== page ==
This is an installment in a series of summaries of journal articles that I have been reading.
Van Leeuwen, A., Janssen, J., Erkens, G., & Brekelmans, M. (2014). Supporting teachers in guiding collaborating students: Effects of learning analytics in CSCL. Computer & Education, 79, 28–39.
Computer-supported collaborative learning (CSCL) generates a lot of data through student interaction. Instructors must sift through and make sense of this data before they can give appropriate guidance. Previous research looked at the types of student interaction and instructor guidance, but there is a gap in the literature in how instructor guidance may be influenced by different presentations of collaboration data. The purpose of this study is to examine the effect of participation analysis tools that on instructor diagnosis and guidance.
The sample consisted of 28 high school teachers and student teachers. 14 teachers were randomly assigned to the control group (no supporting tools) and 14 were assigned to the experimental group (supporting tools). Each teacher was given 4 vignettes which consisted of authentic collaborative situations. Each vignette consisted of several collaborative groups and each group varied in collaborative and cognitive aspects. Three types of data were collected: instructor actions during the vignettes, instructor interventions (messages sent to students), and overall diagnosis of participation and discussion for each group.
The results indicated that the frequency of interventions, focus of the interventions, and receivers of the interventions differed between the control and experimental groups. The authors concluded that the statistical supporting tool helped instructors identify problems with participation. Additionally they found that instructors using the support tools judged non-problematic groups less harshly. One result, the lack of difference in focus on collaborative aspects between the experimental and control groups, surprised the authors.
The study had two key limitations: lack of data for one of the supportive tools and variables that could have affected the instructors’ focus on collaborative versus cognitive aspects of the student interaction. The general implication of this study is the conclusion that supporting tools can affect teachers’ guidance of groups.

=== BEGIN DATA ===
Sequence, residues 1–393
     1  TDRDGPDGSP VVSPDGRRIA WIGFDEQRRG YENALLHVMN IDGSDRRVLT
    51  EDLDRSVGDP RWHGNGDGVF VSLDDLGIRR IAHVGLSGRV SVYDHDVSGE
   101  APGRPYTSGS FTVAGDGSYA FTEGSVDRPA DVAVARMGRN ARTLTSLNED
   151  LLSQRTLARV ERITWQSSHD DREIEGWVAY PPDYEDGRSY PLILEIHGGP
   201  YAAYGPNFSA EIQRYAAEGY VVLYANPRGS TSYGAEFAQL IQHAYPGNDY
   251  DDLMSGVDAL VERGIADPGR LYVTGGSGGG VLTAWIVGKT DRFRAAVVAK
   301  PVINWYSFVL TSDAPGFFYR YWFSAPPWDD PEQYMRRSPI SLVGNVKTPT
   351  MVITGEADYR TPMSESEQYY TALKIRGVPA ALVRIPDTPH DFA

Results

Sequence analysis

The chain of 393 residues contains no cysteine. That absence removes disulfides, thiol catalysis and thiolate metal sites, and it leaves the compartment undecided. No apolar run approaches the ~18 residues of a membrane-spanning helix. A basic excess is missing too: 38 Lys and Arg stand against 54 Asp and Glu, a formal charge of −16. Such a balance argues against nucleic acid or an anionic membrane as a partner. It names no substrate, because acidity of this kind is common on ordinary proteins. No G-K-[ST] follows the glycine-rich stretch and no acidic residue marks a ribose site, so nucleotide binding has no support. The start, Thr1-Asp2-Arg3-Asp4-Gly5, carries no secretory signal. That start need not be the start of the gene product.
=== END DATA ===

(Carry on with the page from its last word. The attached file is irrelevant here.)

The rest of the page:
This study was an interesting experiment in CSCL because it looked at an intervention to encourage positive interaction among students, but it focused more on the tool that the ways that an instructor should use it. The authors hypothesized that the support tools would help instructors better diagnose problems with participation and discussion, but they results did not confirm this hypothesis. This may have been influenced in part by the lack of distinction between cognitive and collaborative aspects within the design of the study. The authors do not describe how the tools support these two different aspects of participation; they mention only that the tools support participation in general. The authors do not clearly explain whether they are trying to foster cognitive or collaborative participation.
An unaddressed aspect of this study was the temporality of the interaction. Each vignette played in 8 minutes, and the instructor sent messages during that time. This suggests that the results of this study are limited to single session synchronous collaborative learning. Future research should examine these learning tools with asynchronous group work when the interaction is taking place over days or weeks. The actions and behavior in synchronous and asynchronous CSCL may need to be interpreted differently by instructors because the delays in responses to messages and the frequency of messages may have different causes in the two types of situations.
Many of the instructors in this study were student teachers. It is reasonable to think that a veteran teacher may be more adept at identifying interaction patterns and problem groups without the support tools. The authors should analyze their data from this perspective to see if experience affects the level of problem diagnosis.